Essay on Looking Into Small Change

Submitted By Jessicaaisd0pe
Words: 704
Pages: 3

It was four-thirty on a Monday on a 1960 when history changed. An important event in the civil rights movement era, a boycott, had occurred. Small Change written by Malcom Gladwell is an essay that talks about the social media revolution. Although his opinion piece included the story of the Greensboro Boycott, Gladwell did not deliver his voice well at all. Malcom discusses important topics such as hierarchy, social networks, the civil rights movement, and a cellphone being stolen, but his words did not manage to move his audience. Malcom’s voice in this essay may be too questionable for some.
What occurred on Monday, February 1, 1960 is important because it changed history forever. Ezell Blair was a regular student at University of North Carolina going about her day. She and three other students went to Woolworth’s lunch counter for food. Ezell asked the waitress for a cup of coffee, and the waitress said they did not serve Negroes there. The students did not move from that spot until five-thirty that evening. They did not back down without a fight. More and more of Ezell’s friends came to stand by her side. Pretty soon the whole town was there too. People traveled all the way across the nation just to take part in the stand. Estimates were at seventy thousand students. Next, Malcom compares social media with the civil rights movement.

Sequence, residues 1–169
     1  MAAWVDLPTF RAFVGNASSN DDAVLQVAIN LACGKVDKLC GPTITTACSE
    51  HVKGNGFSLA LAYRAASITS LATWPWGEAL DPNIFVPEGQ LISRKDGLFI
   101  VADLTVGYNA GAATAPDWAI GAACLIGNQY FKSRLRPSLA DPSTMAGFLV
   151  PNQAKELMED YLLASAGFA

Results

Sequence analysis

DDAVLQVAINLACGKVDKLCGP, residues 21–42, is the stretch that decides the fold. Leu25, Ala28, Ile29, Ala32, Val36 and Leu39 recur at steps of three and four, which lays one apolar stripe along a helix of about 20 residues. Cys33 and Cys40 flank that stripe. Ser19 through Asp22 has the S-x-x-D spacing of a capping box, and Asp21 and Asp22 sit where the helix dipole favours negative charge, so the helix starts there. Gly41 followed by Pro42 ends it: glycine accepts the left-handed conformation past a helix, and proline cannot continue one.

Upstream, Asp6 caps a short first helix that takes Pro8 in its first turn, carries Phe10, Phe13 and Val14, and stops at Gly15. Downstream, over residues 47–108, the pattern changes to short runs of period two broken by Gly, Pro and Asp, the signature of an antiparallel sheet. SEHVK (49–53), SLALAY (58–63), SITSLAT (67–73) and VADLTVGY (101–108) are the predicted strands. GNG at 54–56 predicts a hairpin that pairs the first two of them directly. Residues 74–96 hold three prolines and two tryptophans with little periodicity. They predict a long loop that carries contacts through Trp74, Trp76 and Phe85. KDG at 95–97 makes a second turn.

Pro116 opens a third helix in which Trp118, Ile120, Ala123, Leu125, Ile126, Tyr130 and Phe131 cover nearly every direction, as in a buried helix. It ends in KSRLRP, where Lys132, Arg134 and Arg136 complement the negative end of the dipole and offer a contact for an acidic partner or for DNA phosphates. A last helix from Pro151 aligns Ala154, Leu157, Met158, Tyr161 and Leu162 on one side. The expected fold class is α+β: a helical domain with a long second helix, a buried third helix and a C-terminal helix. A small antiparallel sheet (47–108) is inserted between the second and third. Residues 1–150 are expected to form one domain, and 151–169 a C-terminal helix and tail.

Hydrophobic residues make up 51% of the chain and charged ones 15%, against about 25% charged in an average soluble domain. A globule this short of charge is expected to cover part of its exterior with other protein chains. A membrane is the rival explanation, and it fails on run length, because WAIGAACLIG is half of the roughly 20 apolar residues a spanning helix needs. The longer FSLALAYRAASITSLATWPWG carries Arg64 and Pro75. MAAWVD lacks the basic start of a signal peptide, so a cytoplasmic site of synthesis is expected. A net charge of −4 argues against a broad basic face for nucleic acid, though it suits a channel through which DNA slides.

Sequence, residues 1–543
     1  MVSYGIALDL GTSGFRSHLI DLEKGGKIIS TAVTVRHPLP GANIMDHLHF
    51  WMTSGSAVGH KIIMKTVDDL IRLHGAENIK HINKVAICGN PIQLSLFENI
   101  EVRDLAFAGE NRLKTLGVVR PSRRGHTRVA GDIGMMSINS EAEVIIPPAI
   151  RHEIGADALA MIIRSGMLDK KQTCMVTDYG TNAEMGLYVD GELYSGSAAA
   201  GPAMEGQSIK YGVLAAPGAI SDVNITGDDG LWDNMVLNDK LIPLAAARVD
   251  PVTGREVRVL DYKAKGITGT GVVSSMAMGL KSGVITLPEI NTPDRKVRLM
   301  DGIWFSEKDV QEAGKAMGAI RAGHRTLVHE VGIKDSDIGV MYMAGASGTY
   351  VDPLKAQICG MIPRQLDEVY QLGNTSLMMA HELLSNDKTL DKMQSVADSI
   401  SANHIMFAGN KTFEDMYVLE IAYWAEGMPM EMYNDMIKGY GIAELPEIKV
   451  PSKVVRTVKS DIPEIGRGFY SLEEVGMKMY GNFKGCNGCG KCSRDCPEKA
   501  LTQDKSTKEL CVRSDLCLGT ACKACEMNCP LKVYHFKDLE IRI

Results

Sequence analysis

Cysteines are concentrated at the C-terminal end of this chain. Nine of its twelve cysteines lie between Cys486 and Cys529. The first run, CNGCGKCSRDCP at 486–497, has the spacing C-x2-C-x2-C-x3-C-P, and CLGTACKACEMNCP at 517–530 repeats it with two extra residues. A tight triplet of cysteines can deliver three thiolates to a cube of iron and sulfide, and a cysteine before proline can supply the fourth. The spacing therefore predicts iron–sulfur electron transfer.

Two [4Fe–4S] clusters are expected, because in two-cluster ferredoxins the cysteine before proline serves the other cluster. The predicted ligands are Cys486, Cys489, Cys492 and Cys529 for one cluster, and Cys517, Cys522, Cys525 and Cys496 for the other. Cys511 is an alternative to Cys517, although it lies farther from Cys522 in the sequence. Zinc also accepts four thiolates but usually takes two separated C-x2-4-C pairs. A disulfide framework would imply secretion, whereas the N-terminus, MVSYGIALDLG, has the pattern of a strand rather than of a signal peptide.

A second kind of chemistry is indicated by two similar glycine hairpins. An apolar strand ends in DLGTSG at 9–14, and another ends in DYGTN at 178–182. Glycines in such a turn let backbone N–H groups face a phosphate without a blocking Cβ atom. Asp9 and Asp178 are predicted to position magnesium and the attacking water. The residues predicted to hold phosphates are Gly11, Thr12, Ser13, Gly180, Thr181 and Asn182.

“The new tools of social media have reinvented social activism. With Facebook and Twitter and the like, the traditional relationship between political authority and popular will has been upended, making it easier for the powerless to collaborate, coordinate, and give voice to their concerns.”
Malcom states how much social networks have had an impact on everyday civilian’s voices. Before, the common people did not have any say in politics and sharing their thoughts was considered forbidden. “Without Twitter the people of Iran would not have felt empowered and confident to stand up for freedom and democracy,” says Mark Pfeifle, a former national-security adviser. Stanford sociologist Doug McAdam argues that high-risk activism is a “strong-tie” phenomenon. People who take part in activism are more likely to join along if someone from their culture already partakes in it, such as the four friends in the boycott. Yet social media networks like Twitter and Facebook are built around weak ties. Do you know who all of your Facebook friends are? Exactly. Those websites are networks, a group or system of interconnected people or things. Networks differ to hierarchies, a system or organization in which people or groups are ranked one above the other according to status or authority. Back in the 1960’s, people had to follow rules and regulations that made it a hierarchy. The two are total polar opposites. Society is not accustomed to such